Standards, in and of themselves, do not raise student achievement. Teachers in our district have embraced the research-based strategies in the American Federation of Teacher’s Thinking Mathematics Professional Development. This PD is based on the best research around how students learn mathematics. Now that we’re a few years into the transition to CCSS, both in terms of the new standards and this professional development, we are seeing some exciting things in our classrooms.
In one of our inclusion kindergarten classrooms, we were engaged in a rich six-week unit on decomposition. Students used a variety of tools to decompose numbers within 10. They were expertly using rich math vocabulary—with terms such as decompose, recompose, equal and commutative property—and applying these sophisticated words to games that involved “bunny bowling,” clothes-hangers and clothespins, hands-on number bonds and bead bracelets.
Approaching such an important math concept in this way allowed for play and exploration and resulted in development of strong understandings. Teachers modeled color-coded equations to match the math thinking with the tools. By the end of the unit, every student in that room was able to find all ways to decompose 10 into two addends. The majority of them could write an equation to match and explain their thinking in a way that showed a strong understanding of the concept!
One of the parents in our district, Alicia Proulx (who is also a reading specialist), told me that she heard her first grade son talking to himself about math: “I heard him saying, oh, 9 plus 6. Well, I'm going to add 1 to 9, because that would make a 10, because 10 is a friendly number, and then 10 plus 5 is 15. I know that he's not hearing that from me and it was amazing to hear him talking like a mathematician.” Strategies being taught around making a ten, while seemingly long and drawn out, are supporting this strong mental math and are empowering our youngest students!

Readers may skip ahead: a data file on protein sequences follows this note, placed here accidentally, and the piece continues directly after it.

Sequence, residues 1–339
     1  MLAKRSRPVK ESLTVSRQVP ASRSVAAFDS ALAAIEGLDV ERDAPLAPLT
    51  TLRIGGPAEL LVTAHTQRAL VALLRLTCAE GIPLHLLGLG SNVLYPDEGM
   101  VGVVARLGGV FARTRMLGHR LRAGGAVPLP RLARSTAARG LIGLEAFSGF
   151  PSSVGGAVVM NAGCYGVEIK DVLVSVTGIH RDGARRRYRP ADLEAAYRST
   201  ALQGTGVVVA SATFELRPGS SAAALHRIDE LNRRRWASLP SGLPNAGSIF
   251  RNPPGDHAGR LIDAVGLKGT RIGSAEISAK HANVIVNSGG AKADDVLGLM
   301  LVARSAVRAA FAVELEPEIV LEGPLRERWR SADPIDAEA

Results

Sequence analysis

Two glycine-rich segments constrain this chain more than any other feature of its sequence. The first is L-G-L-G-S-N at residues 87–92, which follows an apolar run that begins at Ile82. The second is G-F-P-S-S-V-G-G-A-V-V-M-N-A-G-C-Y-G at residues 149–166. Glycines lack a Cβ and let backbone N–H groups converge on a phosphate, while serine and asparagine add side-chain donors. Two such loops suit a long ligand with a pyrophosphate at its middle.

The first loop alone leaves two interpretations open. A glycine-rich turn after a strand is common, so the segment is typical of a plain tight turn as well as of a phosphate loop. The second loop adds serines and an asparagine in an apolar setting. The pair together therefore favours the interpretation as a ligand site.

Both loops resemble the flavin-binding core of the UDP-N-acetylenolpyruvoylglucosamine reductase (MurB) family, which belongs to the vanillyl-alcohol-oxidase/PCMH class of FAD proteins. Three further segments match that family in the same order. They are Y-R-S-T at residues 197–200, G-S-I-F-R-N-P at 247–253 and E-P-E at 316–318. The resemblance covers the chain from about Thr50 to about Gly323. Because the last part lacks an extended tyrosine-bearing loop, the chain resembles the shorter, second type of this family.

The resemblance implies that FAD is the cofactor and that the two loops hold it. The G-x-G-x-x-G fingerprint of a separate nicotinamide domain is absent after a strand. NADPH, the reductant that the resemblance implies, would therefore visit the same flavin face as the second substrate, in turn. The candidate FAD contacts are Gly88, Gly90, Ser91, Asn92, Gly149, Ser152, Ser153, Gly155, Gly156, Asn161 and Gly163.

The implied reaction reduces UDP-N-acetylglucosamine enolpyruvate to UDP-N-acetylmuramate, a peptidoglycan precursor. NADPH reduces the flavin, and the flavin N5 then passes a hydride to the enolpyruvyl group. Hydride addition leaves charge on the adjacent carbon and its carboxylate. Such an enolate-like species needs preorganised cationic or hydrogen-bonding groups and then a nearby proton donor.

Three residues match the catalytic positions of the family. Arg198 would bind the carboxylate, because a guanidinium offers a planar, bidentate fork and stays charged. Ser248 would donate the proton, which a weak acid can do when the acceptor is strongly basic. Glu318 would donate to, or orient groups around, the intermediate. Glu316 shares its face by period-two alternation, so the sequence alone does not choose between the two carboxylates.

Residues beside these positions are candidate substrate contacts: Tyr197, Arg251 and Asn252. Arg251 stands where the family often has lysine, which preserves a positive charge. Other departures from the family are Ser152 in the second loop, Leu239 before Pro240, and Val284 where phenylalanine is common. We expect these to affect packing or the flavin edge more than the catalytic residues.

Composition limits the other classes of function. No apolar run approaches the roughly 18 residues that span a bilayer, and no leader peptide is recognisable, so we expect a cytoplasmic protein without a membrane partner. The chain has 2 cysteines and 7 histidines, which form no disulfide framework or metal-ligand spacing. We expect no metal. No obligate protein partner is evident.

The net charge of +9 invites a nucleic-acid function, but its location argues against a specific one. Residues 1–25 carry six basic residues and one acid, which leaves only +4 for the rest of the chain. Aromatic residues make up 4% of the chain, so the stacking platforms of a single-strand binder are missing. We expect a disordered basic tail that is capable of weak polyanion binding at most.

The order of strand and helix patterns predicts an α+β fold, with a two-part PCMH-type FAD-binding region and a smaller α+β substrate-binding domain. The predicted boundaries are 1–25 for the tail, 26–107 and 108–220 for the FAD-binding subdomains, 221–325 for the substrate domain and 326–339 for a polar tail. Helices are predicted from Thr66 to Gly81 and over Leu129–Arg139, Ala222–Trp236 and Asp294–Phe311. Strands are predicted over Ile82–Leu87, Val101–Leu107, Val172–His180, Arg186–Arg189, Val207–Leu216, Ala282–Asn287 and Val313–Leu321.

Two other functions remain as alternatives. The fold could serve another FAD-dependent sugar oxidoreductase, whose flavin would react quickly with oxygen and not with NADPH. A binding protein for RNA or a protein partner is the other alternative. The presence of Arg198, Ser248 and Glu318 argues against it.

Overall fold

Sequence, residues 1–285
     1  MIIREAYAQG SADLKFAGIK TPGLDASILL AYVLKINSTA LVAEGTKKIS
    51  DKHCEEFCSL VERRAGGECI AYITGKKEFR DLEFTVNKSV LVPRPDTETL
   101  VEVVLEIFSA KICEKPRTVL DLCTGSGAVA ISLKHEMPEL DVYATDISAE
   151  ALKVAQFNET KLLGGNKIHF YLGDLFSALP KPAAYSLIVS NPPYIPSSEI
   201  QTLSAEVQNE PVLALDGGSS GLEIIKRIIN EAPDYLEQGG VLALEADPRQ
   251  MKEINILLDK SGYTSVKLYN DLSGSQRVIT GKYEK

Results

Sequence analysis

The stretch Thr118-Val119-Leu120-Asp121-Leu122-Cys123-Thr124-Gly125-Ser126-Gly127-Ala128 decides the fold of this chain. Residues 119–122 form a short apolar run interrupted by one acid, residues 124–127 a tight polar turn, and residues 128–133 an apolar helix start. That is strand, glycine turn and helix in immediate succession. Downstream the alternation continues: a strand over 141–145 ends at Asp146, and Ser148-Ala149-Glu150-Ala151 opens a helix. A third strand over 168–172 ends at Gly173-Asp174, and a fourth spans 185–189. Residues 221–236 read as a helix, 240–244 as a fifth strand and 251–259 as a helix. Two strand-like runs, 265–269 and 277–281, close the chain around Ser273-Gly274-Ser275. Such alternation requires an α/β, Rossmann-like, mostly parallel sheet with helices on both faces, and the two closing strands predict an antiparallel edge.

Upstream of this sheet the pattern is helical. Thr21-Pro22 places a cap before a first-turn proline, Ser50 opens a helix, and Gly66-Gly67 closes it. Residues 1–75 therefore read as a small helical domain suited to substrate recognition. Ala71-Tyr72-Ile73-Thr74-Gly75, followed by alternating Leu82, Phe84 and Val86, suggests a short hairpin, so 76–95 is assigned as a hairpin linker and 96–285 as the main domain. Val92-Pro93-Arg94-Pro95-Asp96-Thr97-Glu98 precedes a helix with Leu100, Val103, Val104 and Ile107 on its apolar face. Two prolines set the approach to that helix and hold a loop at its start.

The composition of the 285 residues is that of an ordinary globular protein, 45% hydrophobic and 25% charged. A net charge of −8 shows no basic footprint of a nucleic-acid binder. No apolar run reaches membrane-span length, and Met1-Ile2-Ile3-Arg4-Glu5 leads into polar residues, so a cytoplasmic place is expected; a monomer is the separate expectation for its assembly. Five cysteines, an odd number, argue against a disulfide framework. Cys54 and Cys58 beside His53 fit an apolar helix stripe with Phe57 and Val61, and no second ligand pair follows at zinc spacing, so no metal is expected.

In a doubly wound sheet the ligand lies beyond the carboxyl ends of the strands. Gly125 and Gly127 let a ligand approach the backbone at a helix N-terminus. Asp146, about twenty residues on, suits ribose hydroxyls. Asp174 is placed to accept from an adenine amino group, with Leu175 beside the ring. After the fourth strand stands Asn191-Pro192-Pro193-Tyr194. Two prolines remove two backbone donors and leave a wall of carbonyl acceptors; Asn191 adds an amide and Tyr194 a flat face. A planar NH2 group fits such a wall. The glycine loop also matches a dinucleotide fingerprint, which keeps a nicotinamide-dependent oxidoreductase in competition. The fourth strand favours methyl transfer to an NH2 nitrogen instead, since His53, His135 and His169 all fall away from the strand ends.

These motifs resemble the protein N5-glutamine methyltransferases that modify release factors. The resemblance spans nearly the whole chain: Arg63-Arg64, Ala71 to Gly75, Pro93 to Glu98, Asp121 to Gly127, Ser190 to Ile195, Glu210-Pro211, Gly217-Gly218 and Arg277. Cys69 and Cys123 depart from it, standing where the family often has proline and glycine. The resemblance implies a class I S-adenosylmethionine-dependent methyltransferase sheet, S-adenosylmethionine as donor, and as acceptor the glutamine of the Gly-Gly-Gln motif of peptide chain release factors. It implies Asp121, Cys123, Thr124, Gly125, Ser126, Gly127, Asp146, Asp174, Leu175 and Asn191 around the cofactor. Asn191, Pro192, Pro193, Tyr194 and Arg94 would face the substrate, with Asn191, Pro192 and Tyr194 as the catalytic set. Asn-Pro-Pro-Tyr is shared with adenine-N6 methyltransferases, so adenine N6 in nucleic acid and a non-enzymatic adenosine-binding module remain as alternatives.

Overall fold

In West Warwick, we run regular math nights for families at our elementary level, where we offer support around math instruction. It’s an opportunity to work directly with parents and answer their questions.
I’ve also found some websites to be useful for parents, including LearnZillion, which has videos explaining the specific math strategies for each grade level. It’s aimed at students, so it’s quite easy for teachers and parents to follow as well. Another site, Illustrative Math, provides sample problems by grade level. Parents and teachers can see problems that students would be expected to solve, what the standards are asking for, and different ways to solve any given problem. Share My Lesson, which is run by the American Federation of Teachers, has a Common Core section that describes goals for each grade level and includes visuals and useful examples.
We need to do a better job supporting parents and teachers with these important shifts in mathematics. Our intentional work to help parents better understand the CCSS and how they can support their students has been highly beneficial. When we strengthen that partnership between school and home, it is the students who benefit. And at the end of the day, this is all about doing our very best for them.
Audra McPhillips is a mathematics specialist and coach in grades prek through 12 at West Warwick Public Schools.
Related Slideshow: RI Experts on the Biggest Issues Facing Public Education